Originally from the town of Al `Uyun in western Saudi Arabia, Ahmed al Asheen began attending NKU in fall of 2012 as an engineering major. And besides facing difficulty in his area of study, al Asheen came to realize another obstacle he would face in his time at NKU– adjusting to the food.
Coming from an entirely different food culture, al Asheen stuck to the familiar at first—namely, pizza, for his first few weeks at the school.
“In the beginning, I had to order from restaurants because I didn’t know where to get similar food, or almost similar food,” said al Asheen. “In the beginning, me and my friends used to order pizza—always pizza, pizza, pizza. Then we decided to come here for lunch.”
Other restaurants, like nearby Chipotle, supply somewhat familiar meals—bowls with chicken,vegetables and rice, for example, which al Asheen described as a typical Saudi lunch. Now, al Asheen favors the Mondo Sub location for lunch in the Student Union.
Abstaining from food and water for the day as part of a religious fasting practice, he seemed unfazed by the smells and sights of eating and drinking students moving about the Student Union.
He doesn’t have to participate in his day of fasting, but he wants to, al Asheen said.
“It’s okay,” he said, smiling as he refused coffee and explained the significance of the act of fasting. “It’s not too hard.”
A practicing Muslim, al Asheen observes religious fasts like this and longer, such as the annual, month-long fast of Ramadan. During Ramadan, the fast is broken daily just after sunset, traditionally with the consumption of dried date fruits followed by a meal. As campus eateries do not supply these, on-campus resident al Asheen relies on food from off-campus sources to break his fast in the traditional manner.
As a full-time student, al Asheen finds it difficult to fit in regular meals where he was once accustomed to home-cooked food prepared by his mother and sisters. When mealtimes are feasible, however, even the traditional American meal structure has taken a bit of adjustment.
“For example, last Ramadan I had to eat only snacks and stuff because I didn’t have time. I had exams of course,” said al Asheen. “I’d just eat dates. In my home, people eat [dinner] later; eight thirty or nine, sometimes 10.”
“Yeah,” he said, with his expression softening when asked if he missed the foods of his home country. “I do.”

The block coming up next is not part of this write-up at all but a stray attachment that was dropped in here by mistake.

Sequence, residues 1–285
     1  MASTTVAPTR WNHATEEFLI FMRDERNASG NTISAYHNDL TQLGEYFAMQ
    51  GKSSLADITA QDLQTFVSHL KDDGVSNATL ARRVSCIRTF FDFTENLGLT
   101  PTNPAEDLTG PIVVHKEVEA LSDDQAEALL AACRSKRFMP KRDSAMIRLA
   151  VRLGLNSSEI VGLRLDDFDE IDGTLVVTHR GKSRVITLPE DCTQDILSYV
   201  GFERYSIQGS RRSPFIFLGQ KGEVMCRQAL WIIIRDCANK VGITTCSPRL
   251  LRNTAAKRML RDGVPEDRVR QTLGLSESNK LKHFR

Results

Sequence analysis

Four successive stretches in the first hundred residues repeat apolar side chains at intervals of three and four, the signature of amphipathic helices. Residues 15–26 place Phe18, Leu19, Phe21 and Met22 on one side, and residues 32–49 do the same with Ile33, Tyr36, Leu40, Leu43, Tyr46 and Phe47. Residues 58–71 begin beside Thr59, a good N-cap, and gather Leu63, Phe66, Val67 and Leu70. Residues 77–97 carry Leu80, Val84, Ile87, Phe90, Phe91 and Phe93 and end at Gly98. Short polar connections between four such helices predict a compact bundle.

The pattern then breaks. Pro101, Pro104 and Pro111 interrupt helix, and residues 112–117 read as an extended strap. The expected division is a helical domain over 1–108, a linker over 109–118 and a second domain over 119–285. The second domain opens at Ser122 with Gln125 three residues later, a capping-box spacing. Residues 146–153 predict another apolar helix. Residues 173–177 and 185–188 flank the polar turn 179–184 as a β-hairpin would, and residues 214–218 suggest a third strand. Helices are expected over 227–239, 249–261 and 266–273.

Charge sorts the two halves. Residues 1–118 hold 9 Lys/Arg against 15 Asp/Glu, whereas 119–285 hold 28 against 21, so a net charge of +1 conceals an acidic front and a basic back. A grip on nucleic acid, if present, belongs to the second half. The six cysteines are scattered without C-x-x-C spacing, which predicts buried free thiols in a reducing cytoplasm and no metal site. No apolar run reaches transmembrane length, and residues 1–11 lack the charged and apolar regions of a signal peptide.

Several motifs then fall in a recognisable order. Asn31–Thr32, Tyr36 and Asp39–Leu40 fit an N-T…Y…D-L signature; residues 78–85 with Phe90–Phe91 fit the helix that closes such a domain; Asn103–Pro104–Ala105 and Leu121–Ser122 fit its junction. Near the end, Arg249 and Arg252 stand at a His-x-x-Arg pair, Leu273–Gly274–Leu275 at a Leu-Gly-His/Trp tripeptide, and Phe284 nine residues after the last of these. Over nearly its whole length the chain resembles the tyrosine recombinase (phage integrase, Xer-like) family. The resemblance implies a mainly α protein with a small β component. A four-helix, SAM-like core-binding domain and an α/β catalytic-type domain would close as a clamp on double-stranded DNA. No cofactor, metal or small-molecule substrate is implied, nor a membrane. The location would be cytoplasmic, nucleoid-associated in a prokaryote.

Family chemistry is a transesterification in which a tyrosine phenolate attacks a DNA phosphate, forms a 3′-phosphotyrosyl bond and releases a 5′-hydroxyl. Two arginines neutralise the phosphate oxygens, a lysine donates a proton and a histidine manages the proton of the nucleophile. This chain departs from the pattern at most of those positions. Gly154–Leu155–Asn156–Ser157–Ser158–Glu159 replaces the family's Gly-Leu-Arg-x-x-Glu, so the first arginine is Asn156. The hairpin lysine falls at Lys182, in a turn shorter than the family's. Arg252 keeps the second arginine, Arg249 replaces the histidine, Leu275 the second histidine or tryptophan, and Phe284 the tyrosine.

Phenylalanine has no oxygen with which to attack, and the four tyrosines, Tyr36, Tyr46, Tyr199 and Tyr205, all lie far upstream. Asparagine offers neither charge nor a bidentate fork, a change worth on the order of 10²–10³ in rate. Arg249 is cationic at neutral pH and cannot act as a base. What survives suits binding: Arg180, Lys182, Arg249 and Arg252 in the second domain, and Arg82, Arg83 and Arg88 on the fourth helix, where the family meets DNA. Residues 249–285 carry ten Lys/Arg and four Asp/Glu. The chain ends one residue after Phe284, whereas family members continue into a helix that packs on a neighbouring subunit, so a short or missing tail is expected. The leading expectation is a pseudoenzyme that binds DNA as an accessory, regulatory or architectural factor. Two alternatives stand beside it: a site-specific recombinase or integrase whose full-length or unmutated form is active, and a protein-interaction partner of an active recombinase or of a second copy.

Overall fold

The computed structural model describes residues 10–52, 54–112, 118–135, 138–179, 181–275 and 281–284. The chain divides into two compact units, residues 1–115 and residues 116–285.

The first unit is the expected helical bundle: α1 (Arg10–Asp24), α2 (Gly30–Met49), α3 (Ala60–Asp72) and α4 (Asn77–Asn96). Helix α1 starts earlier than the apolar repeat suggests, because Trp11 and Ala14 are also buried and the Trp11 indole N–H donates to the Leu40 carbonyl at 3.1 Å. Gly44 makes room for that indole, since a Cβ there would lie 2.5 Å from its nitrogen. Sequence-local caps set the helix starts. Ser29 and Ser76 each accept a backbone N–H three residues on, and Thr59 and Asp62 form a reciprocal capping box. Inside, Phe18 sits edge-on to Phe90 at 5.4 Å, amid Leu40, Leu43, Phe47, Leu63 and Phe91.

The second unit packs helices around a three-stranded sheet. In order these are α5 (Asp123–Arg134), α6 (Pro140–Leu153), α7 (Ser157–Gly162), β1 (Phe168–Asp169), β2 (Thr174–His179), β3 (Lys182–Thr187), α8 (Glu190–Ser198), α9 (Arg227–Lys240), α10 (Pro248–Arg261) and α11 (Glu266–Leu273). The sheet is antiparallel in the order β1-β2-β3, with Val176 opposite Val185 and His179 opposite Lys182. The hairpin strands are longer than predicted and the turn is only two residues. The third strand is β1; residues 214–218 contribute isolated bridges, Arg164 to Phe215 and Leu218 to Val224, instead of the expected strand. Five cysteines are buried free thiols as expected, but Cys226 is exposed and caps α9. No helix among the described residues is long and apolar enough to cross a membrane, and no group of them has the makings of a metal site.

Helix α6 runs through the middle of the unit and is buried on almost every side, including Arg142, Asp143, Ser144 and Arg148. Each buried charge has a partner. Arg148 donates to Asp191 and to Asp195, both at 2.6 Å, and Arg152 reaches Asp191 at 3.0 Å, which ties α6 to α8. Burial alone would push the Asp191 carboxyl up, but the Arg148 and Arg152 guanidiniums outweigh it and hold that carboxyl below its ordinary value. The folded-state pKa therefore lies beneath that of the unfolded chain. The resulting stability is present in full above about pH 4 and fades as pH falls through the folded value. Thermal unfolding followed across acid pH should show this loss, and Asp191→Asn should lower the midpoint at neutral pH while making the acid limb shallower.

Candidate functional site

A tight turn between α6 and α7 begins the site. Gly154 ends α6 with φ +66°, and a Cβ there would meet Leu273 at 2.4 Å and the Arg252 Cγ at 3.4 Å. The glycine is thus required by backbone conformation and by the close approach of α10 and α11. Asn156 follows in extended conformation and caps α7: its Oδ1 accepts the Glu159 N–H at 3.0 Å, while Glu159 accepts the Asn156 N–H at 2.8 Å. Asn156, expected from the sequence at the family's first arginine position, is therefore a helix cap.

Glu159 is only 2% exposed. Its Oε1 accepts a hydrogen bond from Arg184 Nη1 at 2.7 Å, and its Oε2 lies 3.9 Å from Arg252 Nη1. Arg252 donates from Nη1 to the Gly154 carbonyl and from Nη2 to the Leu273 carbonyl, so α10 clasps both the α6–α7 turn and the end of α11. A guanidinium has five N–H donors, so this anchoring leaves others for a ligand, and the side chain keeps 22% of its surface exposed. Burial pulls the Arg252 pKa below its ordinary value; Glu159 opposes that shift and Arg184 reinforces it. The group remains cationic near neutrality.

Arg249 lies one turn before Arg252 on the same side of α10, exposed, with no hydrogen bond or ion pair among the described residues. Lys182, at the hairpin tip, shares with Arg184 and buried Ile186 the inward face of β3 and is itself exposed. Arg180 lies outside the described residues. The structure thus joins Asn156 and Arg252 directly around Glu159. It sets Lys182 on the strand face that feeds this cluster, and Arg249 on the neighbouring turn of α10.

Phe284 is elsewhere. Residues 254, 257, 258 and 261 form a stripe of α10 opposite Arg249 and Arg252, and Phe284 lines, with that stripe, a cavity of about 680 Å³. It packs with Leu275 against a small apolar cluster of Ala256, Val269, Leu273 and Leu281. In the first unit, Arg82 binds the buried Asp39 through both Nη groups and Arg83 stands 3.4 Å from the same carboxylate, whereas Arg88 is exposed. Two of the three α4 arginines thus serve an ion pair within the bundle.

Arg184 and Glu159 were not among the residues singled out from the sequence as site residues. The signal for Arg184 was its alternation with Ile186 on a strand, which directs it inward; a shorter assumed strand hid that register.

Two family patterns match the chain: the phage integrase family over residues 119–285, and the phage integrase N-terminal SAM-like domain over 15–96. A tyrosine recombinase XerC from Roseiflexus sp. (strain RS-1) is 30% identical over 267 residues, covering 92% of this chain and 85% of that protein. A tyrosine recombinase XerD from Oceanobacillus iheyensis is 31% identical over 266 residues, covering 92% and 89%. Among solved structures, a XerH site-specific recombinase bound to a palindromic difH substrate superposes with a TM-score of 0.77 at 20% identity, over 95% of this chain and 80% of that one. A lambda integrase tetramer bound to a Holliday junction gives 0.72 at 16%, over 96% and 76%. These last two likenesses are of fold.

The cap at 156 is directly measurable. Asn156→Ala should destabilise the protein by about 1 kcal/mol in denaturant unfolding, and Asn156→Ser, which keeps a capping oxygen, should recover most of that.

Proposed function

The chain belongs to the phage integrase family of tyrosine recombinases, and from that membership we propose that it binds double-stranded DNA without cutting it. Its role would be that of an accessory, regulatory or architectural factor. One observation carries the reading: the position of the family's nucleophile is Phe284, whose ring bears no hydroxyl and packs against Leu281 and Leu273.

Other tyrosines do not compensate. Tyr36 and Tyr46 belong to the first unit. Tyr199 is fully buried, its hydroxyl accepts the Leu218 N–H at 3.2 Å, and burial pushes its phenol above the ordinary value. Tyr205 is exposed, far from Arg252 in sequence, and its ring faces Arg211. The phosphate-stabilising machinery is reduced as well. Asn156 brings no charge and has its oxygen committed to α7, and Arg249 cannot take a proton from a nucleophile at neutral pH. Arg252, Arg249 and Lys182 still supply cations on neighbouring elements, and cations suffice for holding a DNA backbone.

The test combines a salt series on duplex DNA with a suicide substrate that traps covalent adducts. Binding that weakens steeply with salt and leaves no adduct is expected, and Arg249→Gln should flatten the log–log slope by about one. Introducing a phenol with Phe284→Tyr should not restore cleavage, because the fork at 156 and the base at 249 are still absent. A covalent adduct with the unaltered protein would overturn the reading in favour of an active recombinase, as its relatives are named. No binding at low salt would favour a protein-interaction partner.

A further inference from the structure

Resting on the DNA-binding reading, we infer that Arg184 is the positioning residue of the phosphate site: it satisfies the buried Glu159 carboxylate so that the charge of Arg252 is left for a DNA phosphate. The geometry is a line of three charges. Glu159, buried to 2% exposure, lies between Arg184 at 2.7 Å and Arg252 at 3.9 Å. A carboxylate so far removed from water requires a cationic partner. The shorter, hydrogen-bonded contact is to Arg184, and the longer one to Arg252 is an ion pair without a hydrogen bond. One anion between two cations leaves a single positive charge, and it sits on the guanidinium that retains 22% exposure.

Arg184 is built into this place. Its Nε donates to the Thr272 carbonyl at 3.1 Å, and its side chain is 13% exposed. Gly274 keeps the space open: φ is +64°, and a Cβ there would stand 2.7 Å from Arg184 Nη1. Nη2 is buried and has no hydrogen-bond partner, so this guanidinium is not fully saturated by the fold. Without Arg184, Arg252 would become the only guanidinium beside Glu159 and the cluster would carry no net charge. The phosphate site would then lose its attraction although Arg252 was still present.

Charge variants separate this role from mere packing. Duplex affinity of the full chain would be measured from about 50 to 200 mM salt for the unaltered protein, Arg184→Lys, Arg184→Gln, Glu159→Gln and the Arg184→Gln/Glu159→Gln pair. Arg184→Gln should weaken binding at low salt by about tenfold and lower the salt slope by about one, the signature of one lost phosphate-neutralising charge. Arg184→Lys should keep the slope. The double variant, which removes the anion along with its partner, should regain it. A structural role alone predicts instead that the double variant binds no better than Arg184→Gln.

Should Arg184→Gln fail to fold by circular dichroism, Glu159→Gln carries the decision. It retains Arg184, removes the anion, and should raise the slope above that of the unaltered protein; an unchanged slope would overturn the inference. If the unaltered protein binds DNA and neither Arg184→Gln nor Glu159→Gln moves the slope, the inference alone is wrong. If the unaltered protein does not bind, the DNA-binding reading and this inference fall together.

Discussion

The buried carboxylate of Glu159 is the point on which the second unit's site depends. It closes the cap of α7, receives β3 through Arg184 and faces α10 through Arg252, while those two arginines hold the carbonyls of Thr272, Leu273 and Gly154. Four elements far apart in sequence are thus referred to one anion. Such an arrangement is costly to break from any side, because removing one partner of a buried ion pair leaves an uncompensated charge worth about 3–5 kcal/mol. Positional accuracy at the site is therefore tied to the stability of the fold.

Junior business student Hyewon Kim began attending NKU in the fall of 2013, and has struggled less with the difference in mealtimes. She is accustomed to dinner at the familiar hour of 6:00 p.m. Having moved from Seoul, South Korea only months earlier, she described her nervousness at eating American food daily after living a life which included such foods only occasionally.
“For me, American food was kind of for hanging out,” said Kim, glancing around at the
abundance of eateries within the Student Union.
Kim said she doesn’t think of American food as a meal for every day.
“It’s very good, but it’s a little bit salty for us,” said Kim. “We always ask for just a little salt.”
The South Korean diet, according to a study released in 2012 by the U.S. Department of Agriculture Rural Development Administration, is considered quite healthy by nutritional researchers. In an experiment ranging from 2009 to 2012, the traditional Korean diet was more effective, even than FDA nutrition guidelines, in lowering harmful cholesterol levels.
“For me, the food is very good,” said Jeong Yi Park, another South Korean exchange student majoring in business. “American food is not unusual in Korea, but we eat rice and other smaller dishes. Usually, here, we eat kinds of food with cheese that aren’t good for health.”
Health is matter that transfer student Soyeon Kang, a public administration major, worries about.
“I am very worried about gaining weight,” said Kang. “Every day, you can eat hamburgers or pizza or macaroni or things like that. These days, I eat salad and fruits.”
Kang frequents the Norse Commons dining hall near the residence hall where she lives, which supplies a fresh salad bar and other healthy options. When craving more familiar tastes, she said, she and friends might seek out a Korean restaurant or hibachi grill in Cincinnati.
Jeong Yi Park favors Student Union locations like Coyote Jack’s Grill and Bangin’ Burritos, where she enjoys quesadillas. These can’t fill the void of the food she grew up with, however; smiling, she described her favorite Korean meal of chicken poached in a spicy sauce, known in Korean as dakdoritang
“It’s kind of a different way of cooking,” said Park. “I’d like the Korean food more than
American food. I miss it. I really miss it.”